Penang Malaysian and Thai Cuisine: Lodi, NJ


The food of Malaysia is one of the few SE Asian cuisines that I've never warmed up to. I think this had something to do with a Malaysian restaurant taking the place of my beloved Good 'n Plenty bar in Hoboken some years back. Damn them.

More realistically, my indifference was probably because the combination of Thai and Chinese and Indian never really did anything for me. Flavors and dishes seemed watered down, to my mind, with no real identity. That, of course, is some ignorant shit. Malaysian cuisine isn't hindered by its many influences. It is elevated by its many influences. I'm finally coming around.

This boring story starts about a year ago when we, on a whim, stopped at Penang in Lodi on the way back from a miserable dinner somewhere. Just for a drink. We figured it would be horrible and we'd get a story out of it. As it turned out, the bartender was an interesting character, the bar was well-stocked, the menu looked very appealing, and we had a grand ol' time. We knew we'd be back. But then we totally forgot about the place. Until this week.

We started with achat (pictured above), which is a pickled vegetable dish with a slightly sweet peanut gravy. Holy cow. This dish is right up my alley. Crisp, bright vegetables, crunchy pieces of peanut, spices, a bit of heat, acid. This dish hits all the marks. We cleaned the plate and I wanted more. Which is a good thing, because another dish we ordered included more.

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Ayada Thai: Elmhurst, Queens, NY

Ayada thai sausage

Easter Sunday is a fine day to go out to brunch. Not to a carving station/bottomless mimosa/Easter egg hunt affair--any of those things is enough to keep me from getting out of bed. But rather, a proper brunch. A Thai meal, for example. 

After checking out the hundreds of dead fish floating in the lake at the Celery Farm (victims of winterkill), we headed out to Queens. Queens, as you might know, is home to one of the largest Chinatowns in New York. It's dizzying, with its array of markets and restaurants. Well worth a trip one sunny afternoon. Pack a cooler for any goodies you buy.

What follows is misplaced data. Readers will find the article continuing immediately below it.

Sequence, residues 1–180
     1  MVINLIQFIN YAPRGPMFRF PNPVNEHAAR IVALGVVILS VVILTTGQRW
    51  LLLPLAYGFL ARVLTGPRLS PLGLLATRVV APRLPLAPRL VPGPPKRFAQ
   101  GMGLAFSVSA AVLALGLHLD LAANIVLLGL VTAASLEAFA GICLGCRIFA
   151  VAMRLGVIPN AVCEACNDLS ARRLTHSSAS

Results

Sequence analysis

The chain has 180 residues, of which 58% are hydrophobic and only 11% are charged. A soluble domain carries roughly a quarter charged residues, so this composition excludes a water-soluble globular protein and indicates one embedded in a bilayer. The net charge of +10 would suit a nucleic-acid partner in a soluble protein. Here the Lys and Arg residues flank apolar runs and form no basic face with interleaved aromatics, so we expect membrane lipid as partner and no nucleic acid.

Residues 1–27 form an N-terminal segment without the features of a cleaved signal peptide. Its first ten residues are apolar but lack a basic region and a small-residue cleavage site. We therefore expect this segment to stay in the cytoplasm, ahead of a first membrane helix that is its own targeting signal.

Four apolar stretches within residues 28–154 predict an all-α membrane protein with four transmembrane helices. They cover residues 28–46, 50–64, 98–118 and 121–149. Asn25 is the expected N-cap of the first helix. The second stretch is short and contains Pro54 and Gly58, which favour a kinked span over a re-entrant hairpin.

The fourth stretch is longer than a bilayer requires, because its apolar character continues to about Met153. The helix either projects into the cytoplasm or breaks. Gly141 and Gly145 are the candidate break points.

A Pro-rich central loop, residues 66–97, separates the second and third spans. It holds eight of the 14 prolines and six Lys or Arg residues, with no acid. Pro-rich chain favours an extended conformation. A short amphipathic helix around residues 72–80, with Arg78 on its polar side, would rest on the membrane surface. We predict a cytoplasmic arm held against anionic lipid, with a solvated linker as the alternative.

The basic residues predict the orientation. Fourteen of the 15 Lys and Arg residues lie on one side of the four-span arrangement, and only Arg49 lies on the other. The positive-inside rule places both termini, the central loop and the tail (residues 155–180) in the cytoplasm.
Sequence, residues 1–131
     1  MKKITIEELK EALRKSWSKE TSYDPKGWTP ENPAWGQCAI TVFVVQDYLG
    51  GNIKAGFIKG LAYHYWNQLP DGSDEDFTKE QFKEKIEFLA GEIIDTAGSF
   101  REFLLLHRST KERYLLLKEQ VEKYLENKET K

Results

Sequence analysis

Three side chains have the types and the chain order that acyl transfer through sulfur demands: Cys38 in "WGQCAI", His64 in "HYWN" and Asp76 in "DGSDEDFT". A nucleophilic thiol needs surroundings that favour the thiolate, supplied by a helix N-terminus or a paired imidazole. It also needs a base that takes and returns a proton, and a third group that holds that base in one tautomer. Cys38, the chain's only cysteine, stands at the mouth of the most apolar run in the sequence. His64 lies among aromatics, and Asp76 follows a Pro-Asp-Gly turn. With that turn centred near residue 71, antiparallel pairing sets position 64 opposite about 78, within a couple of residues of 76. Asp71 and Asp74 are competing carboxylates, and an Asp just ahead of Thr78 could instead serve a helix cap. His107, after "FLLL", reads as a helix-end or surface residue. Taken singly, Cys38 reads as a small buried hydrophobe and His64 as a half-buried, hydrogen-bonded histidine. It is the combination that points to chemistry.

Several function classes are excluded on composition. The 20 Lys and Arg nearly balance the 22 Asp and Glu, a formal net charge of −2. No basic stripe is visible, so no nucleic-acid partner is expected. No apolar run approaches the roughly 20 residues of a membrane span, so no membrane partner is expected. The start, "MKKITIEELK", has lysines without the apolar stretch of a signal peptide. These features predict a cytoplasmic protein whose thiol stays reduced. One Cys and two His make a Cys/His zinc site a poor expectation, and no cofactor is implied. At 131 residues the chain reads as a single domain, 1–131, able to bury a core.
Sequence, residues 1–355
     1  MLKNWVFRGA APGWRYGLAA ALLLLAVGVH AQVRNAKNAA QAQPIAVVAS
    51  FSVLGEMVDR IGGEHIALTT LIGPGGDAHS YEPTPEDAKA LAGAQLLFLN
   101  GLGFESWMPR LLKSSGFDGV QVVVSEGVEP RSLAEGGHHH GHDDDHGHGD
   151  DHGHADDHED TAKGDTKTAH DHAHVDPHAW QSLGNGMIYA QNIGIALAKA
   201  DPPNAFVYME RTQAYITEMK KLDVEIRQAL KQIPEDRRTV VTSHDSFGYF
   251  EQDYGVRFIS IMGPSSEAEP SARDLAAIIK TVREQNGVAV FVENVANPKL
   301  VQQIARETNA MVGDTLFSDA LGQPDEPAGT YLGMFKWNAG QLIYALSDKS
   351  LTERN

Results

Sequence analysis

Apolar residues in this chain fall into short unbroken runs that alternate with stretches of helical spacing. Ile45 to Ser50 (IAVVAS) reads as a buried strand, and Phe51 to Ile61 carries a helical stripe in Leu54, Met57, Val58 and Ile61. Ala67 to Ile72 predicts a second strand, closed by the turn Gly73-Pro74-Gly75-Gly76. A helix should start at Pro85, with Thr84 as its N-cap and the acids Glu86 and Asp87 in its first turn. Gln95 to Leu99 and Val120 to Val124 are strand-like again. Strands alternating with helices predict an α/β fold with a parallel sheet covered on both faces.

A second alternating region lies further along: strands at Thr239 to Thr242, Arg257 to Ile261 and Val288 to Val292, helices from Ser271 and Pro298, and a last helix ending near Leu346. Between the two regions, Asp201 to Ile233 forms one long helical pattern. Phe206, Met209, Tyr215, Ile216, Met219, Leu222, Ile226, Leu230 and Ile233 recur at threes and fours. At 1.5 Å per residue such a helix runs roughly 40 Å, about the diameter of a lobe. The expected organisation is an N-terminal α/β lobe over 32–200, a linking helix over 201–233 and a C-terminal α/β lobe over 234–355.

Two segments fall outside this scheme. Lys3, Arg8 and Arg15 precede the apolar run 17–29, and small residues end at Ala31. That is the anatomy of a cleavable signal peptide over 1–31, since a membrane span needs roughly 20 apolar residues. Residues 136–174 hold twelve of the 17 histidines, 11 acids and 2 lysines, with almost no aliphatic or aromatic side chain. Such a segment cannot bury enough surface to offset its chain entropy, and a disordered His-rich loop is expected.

We didn't buy any goodies, but did go directly to Ayada Thai, on the recommendation by an old college friend who, based on what I see on Facebook, associates only with Asians, and eats Asian meals three times a day. He knows his stuff.

Fully expecting to walk into a hole-in-the-wall dive of a place, we were a bit surprised to see a very nice little restaurant, with a full bar no less. The cocktail list had pictures, which of course was a sign to stay well away from them.

The menu was certainly more extensive than the typical Thai menu, which largely consist of the same exact dishes restaurant to restaurant. We were looking for unique and interesting dishes, but to some extent ended up falling back on known entities. No soup made with blood, for example.

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Spicy: Thai Beef Salad

Thai beef salad2

Thai salads come together quickly, often require no special ingredients beyond what your supermarket carries, and pack a wallop of palate punching flavor. And for cheap. Grilled Thai beef salad illustrates this perfectly.

It was a hot, lazy, sunny day yesterday. Perfect weather for cooking and eating something bright and and spicy and fresh. We ran out to the store to pick up the few ingredients that we didn't have on hand for this salad. Just the beef, actually.

The rest of the stuff came from the garden or are staples. On this particular day at least.

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Spicy Thai Basil Beef: Pad Gra Prow?

Thai beef basil chili

Is it called pad graprow? Possibly. Either way, what I was going for was that dish that's on every Thai menu in the US. Generally called "beef/chicken/shrimp with basil and pepper and chili," or something like that.

The description of the dish on these menus pretty much sums it up: "onion, basil, pepper, garlic, hot pepper, chili paste." All self-explanatory, other than that chili paste. Well I'm here to tell you it could very well be nam prik pao.

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Shrimp: Prik Khing

File under: absurdly simple and quick.

Prik Khing could be my favorite Thai curry. The lack of coconut milk lets the curry shine. It's a deeply flavored curry, a bit spicy, a bit sweet, and the kaffir lime leaves. My goodness, the kaffir lime leaves.

Thankfully, someone has already cooked 90% of this dish for you, in the form of the little tin of Prik Khing curry paste. I'm relatively certain that most Thai restaurants use the same exact stuff.

You can find these little tins or tubs at any number of Asian markets, and of course on Mae Ploy and Maesri are the brands that I've been using for longer than I care to admit. Here in New Jersey, you can try these sources for your ingredients:

Terri Lee Oriental Grocery: Maywood, NJ (you can get fresh kaffir lime leaf here)
Asian Food Markets: Middletown/North Plainfield/Plainsboro/Cherry Hill/Piscataway/Marlboro, NJ
Kam Man Food: East Hanover, NJ

Long-beansChinese long bean

You can google for some recipes, but there really isn't a recipe. It's just a matter of cooking the stuff:

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